Reader Comments: I wonder how these characters will impact things in the future. Though, it is an interesting concept: thieves sneaking into wealthy houses, but not to steal, merely to destroy.
Writer Comments: This scene has, as far as we can tell so far, nothing to do with the rest of the book. What’s the appeal in it then? So Sanderson has to rely on other methods to draw interest. In this instance, he gives us an interesting conceit: thieves who never steal, but destroy artwork. That immediately brings up questions. Who are these people? Why don’t they ever take anything? Why are they destroying art? Plus, he uses the threat that the characters might be caught at any moment.
Summary: Geranid is an ardent on an isolated island. She studies spren. While measuring flamespren, she discovers that their naturally erratic states can be defined when she measures them and writes down her results. If she erases the number, they once more resume their erratic, ever-changing appearance. This discovery could have a huge impact on the way the world thinks of spren and, perhaps, even fabriels.
Reader Comments: Very cool. Sanderson is actually using concepts in quantum physics for his spren. I wonder what implications that will have for Syl or for that guy in a previous section who studies spren and wrote down information about them. What might it mean for Jasnah, Shallan, and the rest? I’m sensing something bigger here, but I don’t know what yet.
Writer Comments: The beauty about speculative fiction, of which fantasy is a part, is that practically anything goes. Here, despite the fact that this book is clearly fantasy, Sanderson can throw science in there too. It makes for a richer world. This fluidity and flexibility is one of the main reasons I love speculative fiction.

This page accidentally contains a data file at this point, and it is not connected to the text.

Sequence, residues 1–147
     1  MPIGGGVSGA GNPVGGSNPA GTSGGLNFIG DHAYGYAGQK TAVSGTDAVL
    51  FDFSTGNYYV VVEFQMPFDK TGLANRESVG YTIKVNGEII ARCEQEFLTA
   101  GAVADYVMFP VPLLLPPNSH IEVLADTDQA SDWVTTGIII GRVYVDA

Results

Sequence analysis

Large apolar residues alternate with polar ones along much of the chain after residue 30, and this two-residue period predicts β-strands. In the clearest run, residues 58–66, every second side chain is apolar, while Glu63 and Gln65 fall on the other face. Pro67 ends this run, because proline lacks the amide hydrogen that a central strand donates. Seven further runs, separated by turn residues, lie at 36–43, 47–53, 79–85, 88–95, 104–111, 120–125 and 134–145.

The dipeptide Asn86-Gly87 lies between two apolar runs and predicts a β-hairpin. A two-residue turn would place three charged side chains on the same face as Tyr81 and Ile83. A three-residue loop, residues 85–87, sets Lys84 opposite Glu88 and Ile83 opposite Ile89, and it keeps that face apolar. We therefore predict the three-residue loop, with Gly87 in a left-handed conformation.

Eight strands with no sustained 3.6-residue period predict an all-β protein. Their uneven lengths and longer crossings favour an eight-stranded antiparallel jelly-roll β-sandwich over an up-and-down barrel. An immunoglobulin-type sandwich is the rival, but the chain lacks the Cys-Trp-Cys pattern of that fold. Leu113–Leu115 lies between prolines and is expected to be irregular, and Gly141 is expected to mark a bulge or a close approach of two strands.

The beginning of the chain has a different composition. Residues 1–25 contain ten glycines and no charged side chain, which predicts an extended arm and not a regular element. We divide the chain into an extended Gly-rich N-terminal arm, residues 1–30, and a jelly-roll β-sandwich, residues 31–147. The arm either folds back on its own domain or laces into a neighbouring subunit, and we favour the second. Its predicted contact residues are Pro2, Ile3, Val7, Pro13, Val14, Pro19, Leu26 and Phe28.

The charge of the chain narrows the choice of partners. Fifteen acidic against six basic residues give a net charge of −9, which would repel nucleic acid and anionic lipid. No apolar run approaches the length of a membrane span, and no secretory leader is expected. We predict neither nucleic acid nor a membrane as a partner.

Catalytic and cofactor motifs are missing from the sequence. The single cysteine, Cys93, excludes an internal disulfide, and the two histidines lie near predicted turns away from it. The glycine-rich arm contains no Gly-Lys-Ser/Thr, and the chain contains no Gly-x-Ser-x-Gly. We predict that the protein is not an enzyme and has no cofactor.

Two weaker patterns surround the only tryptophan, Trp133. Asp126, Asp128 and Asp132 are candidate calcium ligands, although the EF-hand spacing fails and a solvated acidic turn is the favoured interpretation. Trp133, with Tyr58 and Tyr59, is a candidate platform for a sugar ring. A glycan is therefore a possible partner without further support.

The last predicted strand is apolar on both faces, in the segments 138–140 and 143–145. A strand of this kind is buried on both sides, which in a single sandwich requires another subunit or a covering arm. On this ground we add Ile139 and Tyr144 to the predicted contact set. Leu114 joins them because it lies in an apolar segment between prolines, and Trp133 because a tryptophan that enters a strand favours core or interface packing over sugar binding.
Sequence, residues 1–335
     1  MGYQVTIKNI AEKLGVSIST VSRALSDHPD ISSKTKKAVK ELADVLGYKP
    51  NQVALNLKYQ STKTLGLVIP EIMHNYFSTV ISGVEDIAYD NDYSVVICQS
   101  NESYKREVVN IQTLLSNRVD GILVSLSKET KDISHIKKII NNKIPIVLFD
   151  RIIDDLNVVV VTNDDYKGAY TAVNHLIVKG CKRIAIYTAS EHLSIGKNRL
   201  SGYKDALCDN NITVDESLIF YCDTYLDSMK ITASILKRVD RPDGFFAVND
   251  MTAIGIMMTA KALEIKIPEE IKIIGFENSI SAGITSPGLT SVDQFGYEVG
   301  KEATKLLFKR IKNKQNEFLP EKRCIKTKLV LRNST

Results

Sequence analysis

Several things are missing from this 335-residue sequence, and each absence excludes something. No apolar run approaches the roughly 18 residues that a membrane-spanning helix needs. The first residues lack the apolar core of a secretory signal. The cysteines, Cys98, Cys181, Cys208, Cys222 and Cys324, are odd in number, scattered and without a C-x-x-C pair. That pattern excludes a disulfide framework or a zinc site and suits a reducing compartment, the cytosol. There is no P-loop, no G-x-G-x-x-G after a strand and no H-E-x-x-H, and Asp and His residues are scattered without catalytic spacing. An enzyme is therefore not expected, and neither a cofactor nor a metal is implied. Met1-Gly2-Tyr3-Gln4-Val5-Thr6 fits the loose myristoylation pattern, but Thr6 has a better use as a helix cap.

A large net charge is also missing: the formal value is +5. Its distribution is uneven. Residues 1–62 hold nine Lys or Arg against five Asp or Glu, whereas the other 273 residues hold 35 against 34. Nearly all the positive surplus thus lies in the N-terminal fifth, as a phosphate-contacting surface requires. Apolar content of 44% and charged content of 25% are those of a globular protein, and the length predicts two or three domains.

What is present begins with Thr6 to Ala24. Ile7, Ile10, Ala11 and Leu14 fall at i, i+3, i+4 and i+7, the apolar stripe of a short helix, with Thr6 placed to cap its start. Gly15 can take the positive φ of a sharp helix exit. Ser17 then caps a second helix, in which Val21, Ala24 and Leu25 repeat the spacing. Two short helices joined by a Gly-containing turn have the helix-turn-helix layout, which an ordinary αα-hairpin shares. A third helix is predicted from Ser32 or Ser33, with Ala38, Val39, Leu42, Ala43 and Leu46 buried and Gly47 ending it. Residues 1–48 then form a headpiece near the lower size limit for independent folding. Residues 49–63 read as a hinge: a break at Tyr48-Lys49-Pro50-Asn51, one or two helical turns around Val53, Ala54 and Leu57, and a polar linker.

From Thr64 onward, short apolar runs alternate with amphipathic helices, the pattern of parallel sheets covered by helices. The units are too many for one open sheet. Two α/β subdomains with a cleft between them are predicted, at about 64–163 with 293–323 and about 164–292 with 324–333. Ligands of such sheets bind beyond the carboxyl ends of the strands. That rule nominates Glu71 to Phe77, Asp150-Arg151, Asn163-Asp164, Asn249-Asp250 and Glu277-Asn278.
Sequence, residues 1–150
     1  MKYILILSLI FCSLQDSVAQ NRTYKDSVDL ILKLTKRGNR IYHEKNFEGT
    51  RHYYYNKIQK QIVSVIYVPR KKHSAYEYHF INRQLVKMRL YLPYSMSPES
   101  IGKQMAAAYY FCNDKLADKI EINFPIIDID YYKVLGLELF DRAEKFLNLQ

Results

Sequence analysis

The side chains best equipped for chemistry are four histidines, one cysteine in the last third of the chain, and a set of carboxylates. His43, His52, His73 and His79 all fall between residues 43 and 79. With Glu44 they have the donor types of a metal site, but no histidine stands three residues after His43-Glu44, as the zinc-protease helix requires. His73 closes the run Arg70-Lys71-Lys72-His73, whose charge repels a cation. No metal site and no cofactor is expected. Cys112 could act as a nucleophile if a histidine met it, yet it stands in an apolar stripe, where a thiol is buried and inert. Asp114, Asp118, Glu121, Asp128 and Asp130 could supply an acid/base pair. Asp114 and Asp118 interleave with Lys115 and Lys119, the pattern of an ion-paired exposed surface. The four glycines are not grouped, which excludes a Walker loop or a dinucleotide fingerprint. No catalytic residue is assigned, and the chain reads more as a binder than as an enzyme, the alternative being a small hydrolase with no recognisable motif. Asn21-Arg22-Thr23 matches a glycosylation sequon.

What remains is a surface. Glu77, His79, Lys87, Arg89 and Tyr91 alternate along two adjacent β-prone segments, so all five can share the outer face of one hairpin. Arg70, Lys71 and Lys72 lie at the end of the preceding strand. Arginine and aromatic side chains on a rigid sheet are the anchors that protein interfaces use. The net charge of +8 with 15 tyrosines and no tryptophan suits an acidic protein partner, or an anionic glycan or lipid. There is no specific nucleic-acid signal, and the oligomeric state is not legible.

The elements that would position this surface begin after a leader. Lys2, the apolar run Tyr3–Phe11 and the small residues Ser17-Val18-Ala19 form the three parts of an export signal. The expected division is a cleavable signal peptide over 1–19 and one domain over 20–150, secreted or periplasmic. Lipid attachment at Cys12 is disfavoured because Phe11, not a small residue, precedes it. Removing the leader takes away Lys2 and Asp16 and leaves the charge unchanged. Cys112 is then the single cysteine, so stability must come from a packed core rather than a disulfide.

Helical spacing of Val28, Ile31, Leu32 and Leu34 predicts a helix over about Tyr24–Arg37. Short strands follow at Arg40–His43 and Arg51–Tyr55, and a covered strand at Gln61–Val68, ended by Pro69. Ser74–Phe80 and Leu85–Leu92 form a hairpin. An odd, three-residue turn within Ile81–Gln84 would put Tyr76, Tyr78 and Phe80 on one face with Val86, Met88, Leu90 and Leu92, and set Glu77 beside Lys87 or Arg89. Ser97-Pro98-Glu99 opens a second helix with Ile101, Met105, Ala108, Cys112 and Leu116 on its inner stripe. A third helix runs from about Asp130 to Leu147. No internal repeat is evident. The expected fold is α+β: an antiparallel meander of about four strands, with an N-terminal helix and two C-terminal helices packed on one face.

I-9: Death Wears White
Summary: Szeth comes to Jah Kaved, to a feast the king holds, and, as ordered, massacres everyone. Between his own Shardblade and his gift of lashings and Stormlight, he defeats three Shardbearers, among them the king, murders huge numbers of guests, and slaughters the vast numbers of guards. And all the while, he weeps. He weeps until an irrational hatred boils in him for the king because the king had to have a feast and vastly increase the numbers of people Szeth must kill. It grows worse when he learns that the king arranged the whole thing as a trap. But the king fails, and Szeth, the embodiment of death, slays him.
Reader Comments: First off, awesome chapter title. It so fits Szeth. Surely, this massacre in Jah Kaved cannot be ignored by those in Alethkar. The fear Szeth will undoubtedly inspire, I’m betting, will be great.
Writer Comments: Szeth always succeeds. In every scene where he has killed, he has triumphed vastly, yet he’s still fascinating to read. Why? Because these chapters aren’t really about Szeth’s triumphs. The triumphs are the backdrop. In actuality, these chapters are about Szeth’s trial as Truthless and how the deeds he must commit are tearing him apart. The reader hopes he will stop, hopes something will save him and all his victims. Yet it doesn’t come, which suggests an even greater scene later. Sometimes, what a scene is actually about is not the most obvious element.